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Motorcycling In The Rain



When the weather turns foul
by Michael Murray

Motorcycle in the RainFor those of you riders who don't have experience riding in the rain, I thought I'd offer you this...

When out for a half-day or longer ride, at the very-least, bring a rain jacket with you on your ride. It might not rain on your ride, but if it does, a rain jacket is the minimal you'll want.

If you think you might be taking some long-distance rides, you might want to consider getting a pair of motorcycle "over-pants" to wear, or to bring with you. They're not only good rain protection, they also have padding (armor) and made from extra tough material. They look baggy (like ski pants) so they're not at all sexy, but they'll save your butt in more ways than one.

Also, bring a few small zip-lock baggies with you to protect your iPod/phone/wallet/watch/etc from the rain.

And if you already have ankle-high boots, cool - if not, rain will find it's way into your socks and make for a very cold and uncomfortable ride home. Either way, bring an extra pair of dry socks - it's always a good idea.

A few safety tips...

When it first starts to rain, oils from the road tend to rise to the surface making the road sometimes a bit slick - in heavy rains, the oils tend to get washed away after a while, but you'll still need to be careful of your own hydroplaning. When the rain is heavy, it's best to pull over and wait it out.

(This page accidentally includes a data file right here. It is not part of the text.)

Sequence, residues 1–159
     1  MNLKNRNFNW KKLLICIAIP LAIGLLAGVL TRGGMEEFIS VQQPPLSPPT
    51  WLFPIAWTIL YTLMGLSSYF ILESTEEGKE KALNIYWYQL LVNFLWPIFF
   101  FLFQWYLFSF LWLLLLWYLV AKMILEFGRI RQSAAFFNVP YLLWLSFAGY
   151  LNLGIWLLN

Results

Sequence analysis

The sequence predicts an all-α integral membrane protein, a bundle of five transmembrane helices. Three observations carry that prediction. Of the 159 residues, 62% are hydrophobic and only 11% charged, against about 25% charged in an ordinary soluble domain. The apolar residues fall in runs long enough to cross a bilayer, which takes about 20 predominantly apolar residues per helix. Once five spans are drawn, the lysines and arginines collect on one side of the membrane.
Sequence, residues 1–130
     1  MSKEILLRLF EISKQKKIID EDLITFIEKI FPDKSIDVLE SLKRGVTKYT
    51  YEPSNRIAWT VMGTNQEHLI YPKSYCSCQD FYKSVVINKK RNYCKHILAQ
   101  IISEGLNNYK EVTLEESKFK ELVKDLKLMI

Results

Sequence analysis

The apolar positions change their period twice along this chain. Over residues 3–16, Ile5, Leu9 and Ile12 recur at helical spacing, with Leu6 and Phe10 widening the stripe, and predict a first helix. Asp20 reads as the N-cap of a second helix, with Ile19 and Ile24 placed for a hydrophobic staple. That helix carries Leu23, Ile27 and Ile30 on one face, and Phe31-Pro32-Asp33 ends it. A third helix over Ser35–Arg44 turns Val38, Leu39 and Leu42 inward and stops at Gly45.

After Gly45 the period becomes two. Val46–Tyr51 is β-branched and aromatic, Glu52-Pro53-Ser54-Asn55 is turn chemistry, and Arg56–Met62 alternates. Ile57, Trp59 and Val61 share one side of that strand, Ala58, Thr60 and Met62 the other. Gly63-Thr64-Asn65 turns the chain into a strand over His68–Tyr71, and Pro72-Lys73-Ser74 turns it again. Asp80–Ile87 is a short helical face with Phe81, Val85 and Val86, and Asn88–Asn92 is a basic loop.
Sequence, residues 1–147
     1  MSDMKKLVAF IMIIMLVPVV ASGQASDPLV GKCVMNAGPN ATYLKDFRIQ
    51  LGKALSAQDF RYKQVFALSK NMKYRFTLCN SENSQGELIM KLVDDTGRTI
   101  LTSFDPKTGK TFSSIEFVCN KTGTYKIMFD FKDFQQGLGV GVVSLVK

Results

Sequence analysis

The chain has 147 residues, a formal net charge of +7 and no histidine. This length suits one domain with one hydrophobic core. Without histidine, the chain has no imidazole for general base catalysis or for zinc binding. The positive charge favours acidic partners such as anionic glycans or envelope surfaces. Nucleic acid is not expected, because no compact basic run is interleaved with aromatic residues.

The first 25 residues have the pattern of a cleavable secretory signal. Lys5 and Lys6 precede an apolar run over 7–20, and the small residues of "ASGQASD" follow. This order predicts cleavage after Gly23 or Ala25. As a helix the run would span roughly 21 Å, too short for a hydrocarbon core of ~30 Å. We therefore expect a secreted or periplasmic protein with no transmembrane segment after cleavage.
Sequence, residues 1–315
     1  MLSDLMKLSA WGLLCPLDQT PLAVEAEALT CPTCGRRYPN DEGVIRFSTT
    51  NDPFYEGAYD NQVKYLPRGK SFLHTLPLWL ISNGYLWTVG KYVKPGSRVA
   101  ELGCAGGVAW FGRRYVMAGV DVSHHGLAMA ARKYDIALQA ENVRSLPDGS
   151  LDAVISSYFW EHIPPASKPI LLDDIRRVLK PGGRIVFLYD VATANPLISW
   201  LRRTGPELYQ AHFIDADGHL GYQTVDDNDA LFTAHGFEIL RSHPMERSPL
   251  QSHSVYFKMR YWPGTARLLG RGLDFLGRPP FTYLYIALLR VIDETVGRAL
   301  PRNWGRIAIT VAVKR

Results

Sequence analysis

If you decide to ride in the rain, whenever possible, stay in the wheel tracks of other vehicles, rather than in the center of the road, where cars and trucks tend to drip slippery oils, etc.

And be extra careful around painted markings in the road during and after the rain - they can be slippery as ICE. Avoid the yellow lines in the center of the roads, and the cross-walk markings, etc. Railroad tracks and steel construction plates can also be slick like ice when wet.

When braking in the rain, it's likely your discs will be wet, and not have the same stopping power as when dry - when approaching a red light (or any stop) it's a good idea to "ride" the brakes lightly beforehand, just briefly to let them get warm and dry before full braking.

Riding in the rain is all part of the adventure - and a little preparation goes a long way.


Is there anything you can add to this article on

Motorcycle "Riding in the Rain"?

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Ride on!

Michael Murray
Owner | Rider | Enthiusiast

Michael Murray, Cameraman for the Road Less Traveled motorcycle documentary, and owner of

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